In order to better understand the hearing complications associated with atresia and microtia, a quick explanation of how the ear works would be a helpful start. Essentially the outer ear and canal serve to capture and amplify the vibrational energy of sound in the environment and then send it to the ossicular bones of the middle ear to convert those sound waves into mechanical motion. The movement of those bones drive hairs in the cochlea of the inner ear, converting that mechanical motion into electrical signals. Those signals are what the brain processes into what we call hearing.
Traditionally, children with unilateral hearing loss did not receive any hearing aid, since it was considered unnecessary. More recent investigations have shown though that while children with unilateral hearing loss function well in quiet environments, they have a difficult time in high background noise environments. This is because with two fully functional ears the brain is capable of many tasks that become exceedingly difficult with only one ear.
With two ears, one will hear a sound split seconds before the other, allowing the brain to locate where the noise is coming from. Practically speaking, if a child with unilateral hearing was walking through a mall and someone shouted their name they would have no way of telling where the person was shouting from. In part due to this reason, the injury rate for children with unilateral hearing is twice that of children with two fully functional ears.
The brain is essentially a specialized computer that processes electrical signals sent from the ears into something useful. Two ears make more data inputs accessible to the brain than one, allowing it to pick out the most useful information in high noise environments. Even adults with perfect hearing can have trouble following a conversation in a noisy restaurant or party. If one ear is plugged up that task becomes tremendously more difficult, eating up a lot more brainpower to follow along. That cognitive load increases dramatically if a task is being completed at the same time. For example, if a child with unilateral hearing is attempting to take notes on what a teacher is saying in a noisy classroom they are going to have a harder time listening and writing than a child with two functional ears.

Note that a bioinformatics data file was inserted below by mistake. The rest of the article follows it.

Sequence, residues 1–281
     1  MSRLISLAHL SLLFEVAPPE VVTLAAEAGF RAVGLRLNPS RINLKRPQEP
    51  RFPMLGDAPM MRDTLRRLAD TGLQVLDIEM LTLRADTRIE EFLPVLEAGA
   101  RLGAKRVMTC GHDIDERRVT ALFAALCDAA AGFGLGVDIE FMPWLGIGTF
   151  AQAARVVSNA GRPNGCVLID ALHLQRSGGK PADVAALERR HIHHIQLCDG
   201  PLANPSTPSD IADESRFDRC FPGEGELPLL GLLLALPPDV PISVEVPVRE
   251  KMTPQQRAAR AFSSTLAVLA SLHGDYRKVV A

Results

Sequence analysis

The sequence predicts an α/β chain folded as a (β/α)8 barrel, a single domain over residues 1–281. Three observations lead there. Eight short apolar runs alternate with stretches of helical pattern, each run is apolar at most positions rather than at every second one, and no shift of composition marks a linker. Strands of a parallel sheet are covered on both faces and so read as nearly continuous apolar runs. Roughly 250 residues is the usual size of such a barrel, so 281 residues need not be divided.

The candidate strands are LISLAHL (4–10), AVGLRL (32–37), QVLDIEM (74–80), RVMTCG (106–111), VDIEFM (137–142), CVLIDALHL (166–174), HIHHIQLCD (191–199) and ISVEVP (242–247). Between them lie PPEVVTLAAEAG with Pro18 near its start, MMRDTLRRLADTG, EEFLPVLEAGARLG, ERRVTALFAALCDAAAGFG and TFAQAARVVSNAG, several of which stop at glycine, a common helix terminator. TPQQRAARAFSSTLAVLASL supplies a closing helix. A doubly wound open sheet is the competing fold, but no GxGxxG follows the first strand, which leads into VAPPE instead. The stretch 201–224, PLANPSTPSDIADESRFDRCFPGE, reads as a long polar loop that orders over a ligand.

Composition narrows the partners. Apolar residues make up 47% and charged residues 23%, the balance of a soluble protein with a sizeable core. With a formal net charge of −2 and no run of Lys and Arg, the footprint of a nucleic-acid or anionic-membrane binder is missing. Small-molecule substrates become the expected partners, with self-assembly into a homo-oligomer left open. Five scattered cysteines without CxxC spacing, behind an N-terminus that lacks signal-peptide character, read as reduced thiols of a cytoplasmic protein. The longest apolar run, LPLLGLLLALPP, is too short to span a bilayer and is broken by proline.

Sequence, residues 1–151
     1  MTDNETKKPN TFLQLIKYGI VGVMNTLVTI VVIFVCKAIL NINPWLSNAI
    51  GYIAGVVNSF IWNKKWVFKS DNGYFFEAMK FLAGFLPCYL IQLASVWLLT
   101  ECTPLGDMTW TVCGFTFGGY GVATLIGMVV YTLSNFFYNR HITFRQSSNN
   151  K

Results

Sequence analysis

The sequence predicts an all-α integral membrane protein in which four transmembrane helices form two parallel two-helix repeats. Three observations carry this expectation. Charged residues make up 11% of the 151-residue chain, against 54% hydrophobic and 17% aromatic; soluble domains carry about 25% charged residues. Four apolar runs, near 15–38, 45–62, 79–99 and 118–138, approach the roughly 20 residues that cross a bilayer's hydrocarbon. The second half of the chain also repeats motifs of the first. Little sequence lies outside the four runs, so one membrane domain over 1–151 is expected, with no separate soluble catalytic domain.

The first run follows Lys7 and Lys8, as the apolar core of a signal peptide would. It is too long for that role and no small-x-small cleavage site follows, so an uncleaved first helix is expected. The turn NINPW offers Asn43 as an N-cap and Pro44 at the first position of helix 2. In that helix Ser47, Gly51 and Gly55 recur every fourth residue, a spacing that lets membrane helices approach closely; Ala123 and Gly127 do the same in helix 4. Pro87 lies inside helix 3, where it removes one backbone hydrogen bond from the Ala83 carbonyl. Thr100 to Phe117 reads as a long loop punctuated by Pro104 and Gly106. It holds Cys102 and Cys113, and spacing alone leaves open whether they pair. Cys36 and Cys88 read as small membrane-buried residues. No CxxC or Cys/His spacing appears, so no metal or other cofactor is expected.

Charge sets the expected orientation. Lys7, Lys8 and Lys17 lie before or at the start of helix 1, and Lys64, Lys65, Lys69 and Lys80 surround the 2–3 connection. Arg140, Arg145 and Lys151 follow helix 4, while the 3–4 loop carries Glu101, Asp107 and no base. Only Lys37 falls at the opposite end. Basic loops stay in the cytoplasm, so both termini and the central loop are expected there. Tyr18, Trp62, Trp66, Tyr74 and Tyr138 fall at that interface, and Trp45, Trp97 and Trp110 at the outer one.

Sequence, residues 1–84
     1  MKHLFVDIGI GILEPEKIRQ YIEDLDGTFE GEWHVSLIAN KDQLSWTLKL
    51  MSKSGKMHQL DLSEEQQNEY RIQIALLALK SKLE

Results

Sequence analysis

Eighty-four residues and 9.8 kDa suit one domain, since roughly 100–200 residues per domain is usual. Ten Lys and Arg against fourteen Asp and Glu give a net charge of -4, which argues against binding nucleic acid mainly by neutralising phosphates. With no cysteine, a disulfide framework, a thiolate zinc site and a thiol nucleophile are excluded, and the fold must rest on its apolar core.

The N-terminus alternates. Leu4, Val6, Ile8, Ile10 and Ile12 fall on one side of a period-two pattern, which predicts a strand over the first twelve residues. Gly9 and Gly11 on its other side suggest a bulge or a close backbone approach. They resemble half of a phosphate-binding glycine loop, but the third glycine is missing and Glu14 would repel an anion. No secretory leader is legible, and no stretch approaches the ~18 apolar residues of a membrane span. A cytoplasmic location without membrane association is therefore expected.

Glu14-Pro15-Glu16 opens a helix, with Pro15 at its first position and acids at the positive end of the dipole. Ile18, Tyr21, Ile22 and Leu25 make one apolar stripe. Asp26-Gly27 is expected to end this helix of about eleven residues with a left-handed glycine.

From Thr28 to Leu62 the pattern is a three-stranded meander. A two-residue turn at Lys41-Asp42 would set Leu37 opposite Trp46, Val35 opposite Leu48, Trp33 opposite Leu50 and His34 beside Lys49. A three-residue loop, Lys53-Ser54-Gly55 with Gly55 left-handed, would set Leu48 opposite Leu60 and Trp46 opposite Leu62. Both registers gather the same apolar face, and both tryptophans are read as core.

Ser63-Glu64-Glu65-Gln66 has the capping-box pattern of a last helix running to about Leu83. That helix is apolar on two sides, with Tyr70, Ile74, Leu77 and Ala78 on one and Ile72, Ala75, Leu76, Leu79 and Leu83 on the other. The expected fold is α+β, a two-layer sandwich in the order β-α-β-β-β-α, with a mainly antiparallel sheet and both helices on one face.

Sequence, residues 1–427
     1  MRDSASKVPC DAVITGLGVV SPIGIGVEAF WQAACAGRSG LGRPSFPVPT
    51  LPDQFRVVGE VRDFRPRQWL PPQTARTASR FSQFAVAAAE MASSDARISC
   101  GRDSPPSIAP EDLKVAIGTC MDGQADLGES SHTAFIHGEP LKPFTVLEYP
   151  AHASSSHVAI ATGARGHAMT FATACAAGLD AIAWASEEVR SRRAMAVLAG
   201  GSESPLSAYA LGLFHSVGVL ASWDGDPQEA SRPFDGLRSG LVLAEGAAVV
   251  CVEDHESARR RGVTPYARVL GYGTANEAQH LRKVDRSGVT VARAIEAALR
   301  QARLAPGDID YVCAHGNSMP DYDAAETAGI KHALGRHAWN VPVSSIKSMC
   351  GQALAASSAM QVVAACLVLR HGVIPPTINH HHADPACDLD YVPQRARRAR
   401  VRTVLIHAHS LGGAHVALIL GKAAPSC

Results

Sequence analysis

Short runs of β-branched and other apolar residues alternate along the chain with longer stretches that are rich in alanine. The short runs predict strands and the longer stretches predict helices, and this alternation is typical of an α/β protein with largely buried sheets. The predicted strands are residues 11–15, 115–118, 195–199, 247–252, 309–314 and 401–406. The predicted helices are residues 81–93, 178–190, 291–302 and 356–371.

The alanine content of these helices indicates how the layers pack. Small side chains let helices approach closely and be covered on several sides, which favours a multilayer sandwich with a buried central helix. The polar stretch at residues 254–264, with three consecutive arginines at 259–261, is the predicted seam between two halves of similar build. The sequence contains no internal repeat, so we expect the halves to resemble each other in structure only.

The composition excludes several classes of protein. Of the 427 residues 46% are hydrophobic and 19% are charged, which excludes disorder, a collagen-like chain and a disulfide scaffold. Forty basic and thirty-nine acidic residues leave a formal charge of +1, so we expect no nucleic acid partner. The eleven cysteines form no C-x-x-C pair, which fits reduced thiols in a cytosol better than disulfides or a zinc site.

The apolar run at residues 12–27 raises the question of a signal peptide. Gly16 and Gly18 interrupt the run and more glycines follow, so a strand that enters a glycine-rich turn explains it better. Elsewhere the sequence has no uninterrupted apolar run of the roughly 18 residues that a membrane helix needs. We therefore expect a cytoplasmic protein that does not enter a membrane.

Because of the way neurons in the brain are wired, if the same sound is heard in both ears the receiving neuron in the brain will respond twice as intensely as if it were stimulated by only one ear. With both ears the effective response is as if a much louder sound were heard than if the same decibel level were heard with one ear alone. Two ears allow much more intelligible hearing of quiet sounds.
The majority of development of the hearing system in the brain occurs within the first 10 years of a child’s life. Any effort to aid or correct a unilateral hearing loss should take place earlier rather than later to make the most of the plasticity of the young brain to adapt to systemic changes. The precise hearing aid or surgical technique used to repair the hearing loss needs to be determined by an ear specialist with CT scans and other hearing tests.